Russia’s invasion of Ukraine sends a message about how superpower Russian forces are in terms of war. The magnitude of their authority in the realm of weapons, tanks, and its troops is genuinely evident. But there’s a catch. Ukrainian forces discovered a way that weakens one of the Russian tankers it used to annex the country.
In April, since Moscow began its onslaught, it is estimated that hundreds of Russian tanks have been downed. The British Defense Secretary Ben Wallace estimated that Russia had lost as many as 580 tanks. Other estimates put the number over 1,000
The Ukrainian forces apparently figured out how to set off an explosion inside this Russian tank that is so destructive that it frequently rips the turret right off the vehicle.
However, Moscow’s concerns extend far beyond the loss of tank weaponry. The “jack-in-the-box effect” is a term used to describe a flaw known to western forces for decades. According to experts, photos from the battlefield demonstrate how Russian T-26 have incurred this flaw.
Since 1969, the Russian armed forces have been working on developing their Soviet-era T-72 tank. During the previous fifty years, Russia has reportedly produced somewhere in the neighborhood of 25,000 T-72 tanks. The T-72 is imported into the militaries of forty countries worldwide.
Upgrades to the turret armor and a more sophisticated laser rangefinder are some of the progressive enhancements that have been made to the T-72. But, its overall composition and configuration have remained unchanged since 1969. In addition, gaps in its base structure allowed the Ukrainian Ground Forces to obliterate the T-72s with a single blow.
This phenomenon, called the “blow-out effect,” is caused by how shells are stored in the tank. The T-72, in contrast to Western tanks, does not keep its ammunition in a separate chamber that is located away from the crew. Instead, the turret of the T-72 tank is filled with around 40 rounds of 125 mm cannon. This is because the T-72 has an autoloader with a carousel rack beneath the crew.
Because of its design and automatic loading system, the T-72 can quickly begin a fire, producing a high density of attacks that can be used to suppress the opponent. According to an analysis from Sam Bendett, consultant for the Russian Studies Program at the Center for a New American Security, placing ammunition in the turret of the T-72 tank not only frees up space but also makes the tank lower and more challenging to target during combat. Unfortunately, a single blow to the turret is all it takes to set off a chain reaction that blows up all of the shells within the tank. This leaves the tank extremely defenseless.
Russian tanks that have seen better days are “vulnerable” to not just the latest anti-tank weapons but also systems like the Javelin which are from the previous generation of ATGMs. In addition, because of Russia’n tactics throughout its invasion of Ukraine, their tanks have been left open to attack by small groups of Ukrainian hunter-killer teams. For example, in its assault on the Ukrainian capital of Kyiv, the Russian army utilized tanks in convoys along surface roads. Roads with forests on both sides of them are deadly to tanks as they make ideal ambush points.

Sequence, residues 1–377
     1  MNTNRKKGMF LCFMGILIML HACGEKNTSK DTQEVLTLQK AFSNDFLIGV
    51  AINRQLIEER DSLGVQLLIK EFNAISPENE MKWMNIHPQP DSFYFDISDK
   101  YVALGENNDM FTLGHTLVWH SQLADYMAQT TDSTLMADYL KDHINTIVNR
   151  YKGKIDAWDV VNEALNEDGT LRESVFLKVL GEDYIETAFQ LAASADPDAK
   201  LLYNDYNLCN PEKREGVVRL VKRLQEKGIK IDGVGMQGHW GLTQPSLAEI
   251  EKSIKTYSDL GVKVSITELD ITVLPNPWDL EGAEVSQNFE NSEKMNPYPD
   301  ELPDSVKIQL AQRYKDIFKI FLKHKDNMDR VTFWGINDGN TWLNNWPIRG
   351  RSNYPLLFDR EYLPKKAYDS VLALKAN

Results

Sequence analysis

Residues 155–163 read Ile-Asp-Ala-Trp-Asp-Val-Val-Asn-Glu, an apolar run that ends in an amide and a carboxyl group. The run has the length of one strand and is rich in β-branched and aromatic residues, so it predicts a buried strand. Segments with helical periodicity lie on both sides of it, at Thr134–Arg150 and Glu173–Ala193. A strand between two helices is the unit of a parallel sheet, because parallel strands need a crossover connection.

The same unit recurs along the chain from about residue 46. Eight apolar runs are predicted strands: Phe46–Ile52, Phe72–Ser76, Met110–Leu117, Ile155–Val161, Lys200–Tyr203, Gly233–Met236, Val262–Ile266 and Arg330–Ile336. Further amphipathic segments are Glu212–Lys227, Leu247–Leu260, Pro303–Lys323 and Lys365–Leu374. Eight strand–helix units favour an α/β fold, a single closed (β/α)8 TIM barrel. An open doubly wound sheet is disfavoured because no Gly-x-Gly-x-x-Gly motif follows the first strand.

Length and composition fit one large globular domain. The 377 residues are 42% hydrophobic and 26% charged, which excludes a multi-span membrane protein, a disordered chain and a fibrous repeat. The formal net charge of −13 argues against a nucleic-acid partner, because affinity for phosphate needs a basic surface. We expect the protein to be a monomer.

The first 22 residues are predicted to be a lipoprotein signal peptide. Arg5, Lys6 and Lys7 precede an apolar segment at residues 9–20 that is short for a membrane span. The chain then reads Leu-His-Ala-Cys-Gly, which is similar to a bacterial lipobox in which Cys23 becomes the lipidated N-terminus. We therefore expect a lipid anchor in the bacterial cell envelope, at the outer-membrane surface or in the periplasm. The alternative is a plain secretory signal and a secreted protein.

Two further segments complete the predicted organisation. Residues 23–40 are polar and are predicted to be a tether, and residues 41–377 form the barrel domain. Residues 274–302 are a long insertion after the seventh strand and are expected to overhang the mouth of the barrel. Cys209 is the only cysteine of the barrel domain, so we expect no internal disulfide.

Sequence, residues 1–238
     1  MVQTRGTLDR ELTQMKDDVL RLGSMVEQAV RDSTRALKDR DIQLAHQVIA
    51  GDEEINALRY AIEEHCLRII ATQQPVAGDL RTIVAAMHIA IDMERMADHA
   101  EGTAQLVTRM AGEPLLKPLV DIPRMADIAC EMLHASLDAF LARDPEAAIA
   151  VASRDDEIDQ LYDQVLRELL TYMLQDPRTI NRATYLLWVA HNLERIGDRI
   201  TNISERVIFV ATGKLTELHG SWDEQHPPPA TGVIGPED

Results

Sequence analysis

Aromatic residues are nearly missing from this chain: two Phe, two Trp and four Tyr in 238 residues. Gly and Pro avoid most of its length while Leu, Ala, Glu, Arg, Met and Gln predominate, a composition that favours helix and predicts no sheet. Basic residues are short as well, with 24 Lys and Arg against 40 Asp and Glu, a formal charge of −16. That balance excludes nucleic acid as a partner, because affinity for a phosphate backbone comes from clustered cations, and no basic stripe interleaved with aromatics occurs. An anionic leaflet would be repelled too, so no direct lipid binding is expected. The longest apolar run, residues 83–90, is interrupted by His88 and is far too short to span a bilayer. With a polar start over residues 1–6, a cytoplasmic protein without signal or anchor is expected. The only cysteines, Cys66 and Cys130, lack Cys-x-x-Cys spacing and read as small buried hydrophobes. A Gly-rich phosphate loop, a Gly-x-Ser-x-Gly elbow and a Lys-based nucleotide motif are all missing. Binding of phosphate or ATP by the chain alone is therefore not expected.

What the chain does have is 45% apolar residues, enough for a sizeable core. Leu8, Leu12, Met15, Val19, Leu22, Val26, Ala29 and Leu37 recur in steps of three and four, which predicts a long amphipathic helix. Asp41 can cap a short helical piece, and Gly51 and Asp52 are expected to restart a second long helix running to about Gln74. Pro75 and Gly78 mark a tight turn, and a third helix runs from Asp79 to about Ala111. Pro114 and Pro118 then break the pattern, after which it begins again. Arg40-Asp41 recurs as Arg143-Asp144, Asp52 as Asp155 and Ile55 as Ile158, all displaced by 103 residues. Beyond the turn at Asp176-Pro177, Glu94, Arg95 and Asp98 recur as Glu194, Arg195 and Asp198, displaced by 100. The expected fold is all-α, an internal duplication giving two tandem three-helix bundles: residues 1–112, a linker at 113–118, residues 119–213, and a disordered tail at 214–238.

U.S. military analyst and Russia expert Jeffrey Edmonds issued a warning to a news outlet during a feature in which he stated, “You don’t just drive tanks down roads in columns when there’s a threat of anti-tank missiles, or mines, or things of that nature.”
The Russian army attempted to drive hundreds of T-72 tanks into Kyiv through the city’s urban centers, even though the Ukrainian military possessed many “shoulder-mounted high-powered missiles.” The consequences were a dismal failure. The Russian military has lost at least 440 tanks due to the actions of the Ukrainian army, including at least 225 T-72s. These days, the roadways of Ukraine are littered with the charred remains of blown-up T-72 tanks that have destroyed their turrets.
Learning from the Gulf War
The Gulf War changed the way most militaries view the T-72 tanks. After observing hundreds of Iraqi T-72 tanks having their turrets blasted off during the 1991 and 2003 conflicts, Western militaries saw the benefits of their own tanks storing ammunition in armored boxes safely isolated from the crew compartment. The Gulf War was a teaching moment for western armies and a sort of vindication as well. For countries using the T-72 around the world, there was recognition that it was not capable of standing up to the tanks of the West.
“Western militaries learned from the Gulf War. When they saw how tanks were being defeated during this period, they realized they needed to put ammunition in another compartment,” noted Nicholas Drummond, referring to the American Stryker infantry battle vehicle, which had been designed following the war in Iraq in 1991. The US Main Battle Tank, the M1A Abrams was designed with an armored magazine to store ammunition to protect the crew and has been very successful in assuring their survival when hit.
Though there have been existing analyses from the West, apparently, Russian forces were left behind.